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Drought-struck Spain is running out of water


Spain is running out of water. After a long and painful drought, the country has been hit by an unusually early heat wave, evaporating even more of the “blue gold” it still has left in its reservoirs. While farmers fear for their survival, environmentalists say it is time for “Europe’s back garden” to rethink how it uses and manages its increasingly scarce water supply.   

There’s an expression in Spain: “En Abril, aguas mil  April will bring the rains. Only this year, it didn’t. The month of April was the driest month on record, and several Spanish cities registered their highest April temperatures yet. In Cordoba, the mercury rose to 38.7°C (almost 102°F) at one point, and in the province of Seville in Andalusia to 37.8°C.

Coming on the heels of a long-term drought and an unusually warm and dry winter, the latest heat wave has sparked a real fear of shortages. 

“The situation is particularly alarming in the regions of Catalonia and Andalusia, where the water reservoirs are at less than 25 percent of their capacity,” said Jorge Olcina, head of the climatology laboratory at the University of Alicante. Both regions imposed water restrictions at the end of February, meaning inhabitants were no longer allowed to water their gardens or fill their swimming pools. Farmers were also asked to reduce irrigation.

Thousands of inhabitants in the Andalusian village of Jaen even went so far as to organise an “El Abuelo” procession to beg for rain on May 1, bringing out their Christ statue to reinforce their prayers. It was the first time the statue had been brought out of the church basement since 1949. 


“And the rest of Spain is not out of danger. The state of the reserves is increasingly worrisome in the regions of Valencia, Murcia, Castile-La Mancha and Extremadura. The available water stock has gone below 40 percent of total capacity,” Olcina continued. 

Serge Zaka, an agroclimatology specialist, described Spain as being in “a mega-drought situation”, bearing the brunt of the effects of the drought in the summer of 2022 and then the dry winter that followed. “The [current] state of the soil and water reserves generally corresponds to what we usually see in August. This is totally unprecedented,” he said.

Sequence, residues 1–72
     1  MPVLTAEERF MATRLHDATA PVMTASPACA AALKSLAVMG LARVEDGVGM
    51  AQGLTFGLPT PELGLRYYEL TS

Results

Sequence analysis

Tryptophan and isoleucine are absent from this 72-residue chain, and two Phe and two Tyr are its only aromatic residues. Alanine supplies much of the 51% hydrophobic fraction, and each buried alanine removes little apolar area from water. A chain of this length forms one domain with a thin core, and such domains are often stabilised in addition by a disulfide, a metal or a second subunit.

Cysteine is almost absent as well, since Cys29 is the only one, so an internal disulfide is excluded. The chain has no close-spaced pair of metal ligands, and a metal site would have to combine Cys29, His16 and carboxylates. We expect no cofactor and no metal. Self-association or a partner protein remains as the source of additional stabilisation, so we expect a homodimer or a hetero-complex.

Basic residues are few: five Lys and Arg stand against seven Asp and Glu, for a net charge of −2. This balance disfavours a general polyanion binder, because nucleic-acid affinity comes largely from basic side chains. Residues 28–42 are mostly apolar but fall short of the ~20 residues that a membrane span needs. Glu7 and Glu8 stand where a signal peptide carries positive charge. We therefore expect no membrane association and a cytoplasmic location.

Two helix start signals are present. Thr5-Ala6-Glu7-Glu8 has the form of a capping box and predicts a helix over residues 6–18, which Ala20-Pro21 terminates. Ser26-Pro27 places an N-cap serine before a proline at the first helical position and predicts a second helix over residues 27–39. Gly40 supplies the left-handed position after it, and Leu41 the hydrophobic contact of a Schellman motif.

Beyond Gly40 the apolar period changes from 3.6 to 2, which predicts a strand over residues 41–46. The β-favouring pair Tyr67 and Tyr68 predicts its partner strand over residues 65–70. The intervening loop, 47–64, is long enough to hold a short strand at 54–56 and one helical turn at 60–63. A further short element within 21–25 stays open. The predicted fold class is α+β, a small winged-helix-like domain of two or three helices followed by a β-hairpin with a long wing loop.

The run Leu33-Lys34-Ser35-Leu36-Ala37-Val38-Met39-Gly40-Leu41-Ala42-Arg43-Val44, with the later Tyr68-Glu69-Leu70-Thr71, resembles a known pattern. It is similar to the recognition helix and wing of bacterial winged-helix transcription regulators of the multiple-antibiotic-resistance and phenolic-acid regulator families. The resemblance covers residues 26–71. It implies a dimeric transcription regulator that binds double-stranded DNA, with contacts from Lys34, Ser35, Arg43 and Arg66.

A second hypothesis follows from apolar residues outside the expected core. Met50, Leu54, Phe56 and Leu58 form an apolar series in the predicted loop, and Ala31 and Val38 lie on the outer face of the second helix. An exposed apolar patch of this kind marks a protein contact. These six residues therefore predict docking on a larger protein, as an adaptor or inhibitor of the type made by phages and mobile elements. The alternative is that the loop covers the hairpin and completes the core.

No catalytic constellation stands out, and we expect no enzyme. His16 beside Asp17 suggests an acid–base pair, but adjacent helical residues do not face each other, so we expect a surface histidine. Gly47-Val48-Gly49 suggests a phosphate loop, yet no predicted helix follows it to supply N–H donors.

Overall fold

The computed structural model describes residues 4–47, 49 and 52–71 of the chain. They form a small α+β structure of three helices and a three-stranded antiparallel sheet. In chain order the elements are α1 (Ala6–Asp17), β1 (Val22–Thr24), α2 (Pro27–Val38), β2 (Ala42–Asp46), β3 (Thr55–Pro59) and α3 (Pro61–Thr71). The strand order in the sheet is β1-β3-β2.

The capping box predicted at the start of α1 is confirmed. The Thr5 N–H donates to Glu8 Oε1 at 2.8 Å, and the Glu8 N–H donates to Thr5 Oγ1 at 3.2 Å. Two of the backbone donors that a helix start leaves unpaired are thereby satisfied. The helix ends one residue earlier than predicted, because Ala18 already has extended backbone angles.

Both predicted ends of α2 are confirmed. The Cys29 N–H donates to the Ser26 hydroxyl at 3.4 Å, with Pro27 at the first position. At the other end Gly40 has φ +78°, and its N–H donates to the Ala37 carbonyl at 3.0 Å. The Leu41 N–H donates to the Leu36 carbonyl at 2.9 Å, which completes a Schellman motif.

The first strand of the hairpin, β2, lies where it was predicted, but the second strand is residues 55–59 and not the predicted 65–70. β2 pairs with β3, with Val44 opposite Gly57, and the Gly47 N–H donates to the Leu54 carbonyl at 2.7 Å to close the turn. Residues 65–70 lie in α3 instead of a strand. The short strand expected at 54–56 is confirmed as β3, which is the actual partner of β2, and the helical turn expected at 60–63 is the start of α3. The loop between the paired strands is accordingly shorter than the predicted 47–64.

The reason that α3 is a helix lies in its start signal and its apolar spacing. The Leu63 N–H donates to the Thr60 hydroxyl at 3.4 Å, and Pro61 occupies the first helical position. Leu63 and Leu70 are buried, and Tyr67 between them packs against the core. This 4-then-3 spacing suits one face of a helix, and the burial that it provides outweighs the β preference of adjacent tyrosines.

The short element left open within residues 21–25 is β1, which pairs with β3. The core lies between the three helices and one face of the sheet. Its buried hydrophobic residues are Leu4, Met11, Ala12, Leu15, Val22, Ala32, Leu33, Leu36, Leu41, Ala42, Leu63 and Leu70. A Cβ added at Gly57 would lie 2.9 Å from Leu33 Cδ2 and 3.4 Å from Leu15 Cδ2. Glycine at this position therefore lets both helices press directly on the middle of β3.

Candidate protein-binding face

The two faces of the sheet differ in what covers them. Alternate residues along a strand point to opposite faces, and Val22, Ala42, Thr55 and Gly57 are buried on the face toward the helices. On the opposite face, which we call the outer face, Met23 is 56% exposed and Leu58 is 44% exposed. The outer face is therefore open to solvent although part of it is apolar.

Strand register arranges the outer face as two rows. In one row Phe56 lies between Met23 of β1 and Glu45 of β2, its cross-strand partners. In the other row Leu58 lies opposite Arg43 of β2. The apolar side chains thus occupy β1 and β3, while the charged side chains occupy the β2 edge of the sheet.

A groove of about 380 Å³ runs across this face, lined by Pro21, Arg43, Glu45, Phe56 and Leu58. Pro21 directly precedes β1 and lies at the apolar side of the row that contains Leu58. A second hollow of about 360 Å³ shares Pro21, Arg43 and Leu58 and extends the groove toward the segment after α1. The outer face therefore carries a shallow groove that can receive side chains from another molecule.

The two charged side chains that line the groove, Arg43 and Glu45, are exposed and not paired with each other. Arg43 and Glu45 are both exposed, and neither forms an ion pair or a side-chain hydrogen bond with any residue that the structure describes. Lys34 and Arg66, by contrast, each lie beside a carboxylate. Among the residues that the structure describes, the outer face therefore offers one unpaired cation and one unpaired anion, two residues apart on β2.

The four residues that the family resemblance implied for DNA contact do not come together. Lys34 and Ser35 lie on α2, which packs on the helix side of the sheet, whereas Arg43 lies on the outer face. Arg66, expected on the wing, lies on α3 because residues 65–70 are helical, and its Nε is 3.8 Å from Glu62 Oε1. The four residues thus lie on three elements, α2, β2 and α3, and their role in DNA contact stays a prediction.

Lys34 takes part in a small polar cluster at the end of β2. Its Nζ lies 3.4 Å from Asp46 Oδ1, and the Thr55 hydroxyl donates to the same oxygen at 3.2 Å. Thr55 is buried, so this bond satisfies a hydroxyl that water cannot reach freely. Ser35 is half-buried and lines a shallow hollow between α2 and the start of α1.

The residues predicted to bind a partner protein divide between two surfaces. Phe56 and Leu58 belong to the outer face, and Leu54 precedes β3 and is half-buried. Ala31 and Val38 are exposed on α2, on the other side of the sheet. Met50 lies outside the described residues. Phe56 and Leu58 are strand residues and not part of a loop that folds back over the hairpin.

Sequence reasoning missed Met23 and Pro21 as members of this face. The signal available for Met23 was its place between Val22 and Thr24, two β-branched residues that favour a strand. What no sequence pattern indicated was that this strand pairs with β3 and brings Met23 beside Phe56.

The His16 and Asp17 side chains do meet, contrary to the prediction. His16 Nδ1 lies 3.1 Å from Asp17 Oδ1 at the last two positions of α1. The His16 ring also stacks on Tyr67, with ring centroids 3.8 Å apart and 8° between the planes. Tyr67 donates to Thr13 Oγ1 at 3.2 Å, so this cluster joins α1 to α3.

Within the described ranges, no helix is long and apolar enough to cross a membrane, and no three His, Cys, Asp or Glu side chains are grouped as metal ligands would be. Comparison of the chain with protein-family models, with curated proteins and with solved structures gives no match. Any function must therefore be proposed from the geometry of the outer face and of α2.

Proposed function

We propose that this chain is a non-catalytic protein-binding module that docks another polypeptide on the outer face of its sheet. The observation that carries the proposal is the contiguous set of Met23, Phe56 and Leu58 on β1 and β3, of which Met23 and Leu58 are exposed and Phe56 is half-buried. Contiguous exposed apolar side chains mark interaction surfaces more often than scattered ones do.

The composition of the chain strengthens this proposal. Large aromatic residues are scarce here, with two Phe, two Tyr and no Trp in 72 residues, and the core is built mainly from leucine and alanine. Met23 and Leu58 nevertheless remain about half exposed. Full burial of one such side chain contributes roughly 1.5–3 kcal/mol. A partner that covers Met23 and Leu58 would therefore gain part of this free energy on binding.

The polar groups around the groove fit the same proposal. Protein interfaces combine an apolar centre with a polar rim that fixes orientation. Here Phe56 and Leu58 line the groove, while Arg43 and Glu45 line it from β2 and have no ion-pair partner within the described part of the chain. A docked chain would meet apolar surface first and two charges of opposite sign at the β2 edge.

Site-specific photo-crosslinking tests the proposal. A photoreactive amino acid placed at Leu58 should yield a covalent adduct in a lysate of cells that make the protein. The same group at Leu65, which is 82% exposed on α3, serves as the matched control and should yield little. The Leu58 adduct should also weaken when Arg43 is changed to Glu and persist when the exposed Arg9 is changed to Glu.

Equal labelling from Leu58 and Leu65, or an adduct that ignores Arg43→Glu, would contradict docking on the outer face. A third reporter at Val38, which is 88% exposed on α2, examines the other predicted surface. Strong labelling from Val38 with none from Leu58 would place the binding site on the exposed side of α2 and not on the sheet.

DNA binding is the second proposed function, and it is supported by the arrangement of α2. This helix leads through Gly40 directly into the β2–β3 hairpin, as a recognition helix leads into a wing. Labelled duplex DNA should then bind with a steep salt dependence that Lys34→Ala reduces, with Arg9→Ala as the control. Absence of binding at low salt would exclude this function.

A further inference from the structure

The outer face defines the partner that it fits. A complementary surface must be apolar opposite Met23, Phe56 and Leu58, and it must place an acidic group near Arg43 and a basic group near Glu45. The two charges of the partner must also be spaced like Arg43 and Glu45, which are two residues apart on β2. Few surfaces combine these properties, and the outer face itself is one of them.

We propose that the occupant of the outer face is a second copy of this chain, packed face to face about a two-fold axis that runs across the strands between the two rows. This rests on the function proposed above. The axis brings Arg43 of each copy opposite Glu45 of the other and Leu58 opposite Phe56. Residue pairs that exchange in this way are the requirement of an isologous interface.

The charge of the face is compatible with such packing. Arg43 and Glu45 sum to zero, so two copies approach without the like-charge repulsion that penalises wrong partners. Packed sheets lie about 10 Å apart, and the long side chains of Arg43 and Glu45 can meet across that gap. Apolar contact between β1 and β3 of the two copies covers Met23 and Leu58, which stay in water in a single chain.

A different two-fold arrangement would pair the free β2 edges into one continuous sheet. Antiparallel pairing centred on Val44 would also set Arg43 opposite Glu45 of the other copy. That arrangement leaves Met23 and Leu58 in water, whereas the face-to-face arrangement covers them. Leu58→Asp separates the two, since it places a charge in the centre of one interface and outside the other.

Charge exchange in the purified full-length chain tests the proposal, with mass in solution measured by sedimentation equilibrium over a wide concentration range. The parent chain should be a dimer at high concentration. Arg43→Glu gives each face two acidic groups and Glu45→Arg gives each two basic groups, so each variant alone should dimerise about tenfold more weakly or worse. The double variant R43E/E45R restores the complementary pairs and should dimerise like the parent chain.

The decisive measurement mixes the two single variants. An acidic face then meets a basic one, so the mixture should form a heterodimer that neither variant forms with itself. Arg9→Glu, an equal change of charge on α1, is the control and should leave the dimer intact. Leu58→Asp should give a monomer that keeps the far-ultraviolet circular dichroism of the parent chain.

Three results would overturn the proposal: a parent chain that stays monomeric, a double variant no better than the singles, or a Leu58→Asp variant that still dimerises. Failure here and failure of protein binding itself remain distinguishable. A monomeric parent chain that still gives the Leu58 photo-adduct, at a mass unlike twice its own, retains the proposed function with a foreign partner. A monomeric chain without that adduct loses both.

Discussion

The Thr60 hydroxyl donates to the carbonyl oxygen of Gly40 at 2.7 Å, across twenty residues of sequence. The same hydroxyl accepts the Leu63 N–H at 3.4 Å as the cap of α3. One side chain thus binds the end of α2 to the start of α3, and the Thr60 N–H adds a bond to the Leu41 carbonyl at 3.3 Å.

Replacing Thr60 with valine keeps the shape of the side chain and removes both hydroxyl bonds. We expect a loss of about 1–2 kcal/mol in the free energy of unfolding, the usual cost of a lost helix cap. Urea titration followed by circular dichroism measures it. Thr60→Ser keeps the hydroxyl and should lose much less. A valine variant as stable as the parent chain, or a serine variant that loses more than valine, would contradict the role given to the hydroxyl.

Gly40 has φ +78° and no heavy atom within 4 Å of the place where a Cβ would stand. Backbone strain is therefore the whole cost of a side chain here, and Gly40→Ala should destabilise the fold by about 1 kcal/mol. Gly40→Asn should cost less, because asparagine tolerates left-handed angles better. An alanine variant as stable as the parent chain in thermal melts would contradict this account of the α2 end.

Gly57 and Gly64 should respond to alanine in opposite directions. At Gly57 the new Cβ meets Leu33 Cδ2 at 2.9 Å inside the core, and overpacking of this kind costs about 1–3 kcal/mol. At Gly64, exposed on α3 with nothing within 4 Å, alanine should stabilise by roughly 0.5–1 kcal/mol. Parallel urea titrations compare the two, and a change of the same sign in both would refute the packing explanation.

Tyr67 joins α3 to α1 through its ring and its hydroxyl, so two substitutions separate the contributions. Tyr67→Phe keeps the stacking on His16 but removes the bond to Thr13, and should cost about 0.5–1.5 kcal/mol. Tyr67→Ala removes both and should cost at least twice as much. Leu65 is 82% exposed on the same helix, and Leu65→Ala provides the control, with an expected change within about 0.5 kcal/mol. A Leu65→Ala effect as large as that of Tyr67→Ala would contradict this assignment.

Europe’s back garden in peril?

Spain is known as “Europe’s back garden” because it exports a large part of its agricultural production, and Spanish farmers are, unsurprisingly, among the first to suffer the consequences of a water shortage.

According to COAG, which coordinates farming and ranching groups and is one of the country’s main farming unions, 60 percent of Spain’s non-irrigated cereal crops have “asphyxiated” due to lack of rain.

“These are cereals planted in the fall and harvested in the spring, like wheat and barley,” Zaka explained. “But because of the lack of water, their development was interrupted before they could reach maturity. And so it won’t be possible to harvest them.”   

“The cultivation of olive, pistachio and almond trees is also likely to decline,” he said. “Because even if these plants are used to dry climates, they are suffering from the hotter-than-normal temperatures.”

Delaying planting certain crops offers farmers one option for combating the drought, but it comes with inherent risks. 

“As for fruits and vegetables – for those grown on smaller farms that don’t irrigate – farmers try to postpone their sowing periods for as long as possible, waiting for better conditions. But the more the time passes, the more they risk missing the season altogether,” Zaka said.